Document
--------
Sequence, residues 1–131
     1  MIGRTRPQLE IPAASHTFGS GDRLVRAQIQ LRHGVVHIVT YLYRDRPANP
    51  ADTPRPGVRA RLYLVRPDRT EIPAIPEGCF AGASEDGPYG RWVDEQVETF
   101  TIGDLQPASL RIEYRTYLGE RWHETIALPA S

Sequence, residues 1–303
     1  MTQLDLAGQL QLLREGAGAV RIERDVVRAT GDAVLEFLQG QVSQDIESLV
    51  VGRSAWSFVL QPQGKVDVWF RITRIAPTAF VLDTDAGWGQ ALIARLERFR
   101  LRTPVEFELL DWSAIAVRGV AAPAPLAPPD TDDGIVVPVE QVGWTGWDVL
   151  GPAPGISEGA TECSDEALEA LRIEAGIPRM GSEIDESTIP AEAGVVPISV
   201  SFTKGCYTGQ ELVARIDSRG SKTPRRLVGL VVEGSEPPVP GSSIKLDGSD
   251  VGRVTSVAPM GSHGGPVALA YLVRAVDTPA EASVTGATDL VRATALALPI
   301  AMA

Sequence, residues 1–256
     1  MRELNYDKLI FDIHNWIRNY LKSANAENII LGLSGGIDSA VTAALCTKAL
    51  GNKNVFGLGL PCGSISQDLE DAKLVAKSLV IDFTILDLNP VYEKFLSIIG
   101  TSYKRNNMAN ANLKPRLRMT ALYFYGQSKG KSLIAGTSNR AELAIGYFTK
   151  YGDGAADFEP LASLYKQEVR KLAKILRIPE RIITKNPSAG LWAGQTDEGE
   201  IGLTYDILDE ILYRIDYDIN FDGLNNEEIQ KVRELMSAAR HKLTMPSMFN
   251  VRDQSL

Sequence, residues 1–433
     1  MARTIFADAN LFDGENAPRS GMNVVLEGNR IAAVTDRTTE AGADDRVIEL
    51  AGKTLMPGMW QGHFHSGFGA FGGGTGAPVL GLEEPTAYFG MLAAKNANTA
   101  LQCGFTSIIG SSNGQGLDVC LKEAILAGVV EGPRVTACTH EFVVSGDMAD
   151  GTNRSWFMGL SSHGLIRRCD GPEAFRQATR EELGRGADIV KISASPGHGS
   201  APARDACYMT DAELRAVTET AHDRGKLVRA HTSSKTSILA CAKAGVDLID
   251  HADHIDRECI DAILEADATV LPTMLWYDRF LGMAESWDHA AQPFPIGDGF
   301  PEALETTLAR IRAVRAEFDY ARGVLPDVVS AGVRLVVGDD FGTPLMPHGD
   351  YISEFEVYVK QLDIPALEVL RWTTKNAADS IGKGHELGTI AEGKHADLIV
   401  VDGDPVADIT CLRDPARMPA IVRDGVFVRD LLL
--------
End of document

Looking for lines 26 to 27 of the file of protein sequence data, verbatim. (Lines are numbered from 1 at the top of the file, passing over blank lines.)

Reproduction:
   251  HADHIDRECI DAILEADATV LPTMLWYDRF LGMAESWDHA AQPFPIGDGF
   301  PEALETTLAR IRAVRAEFDY ARGVLPDVVS AGVRLVVGDD FGTPLMPHGD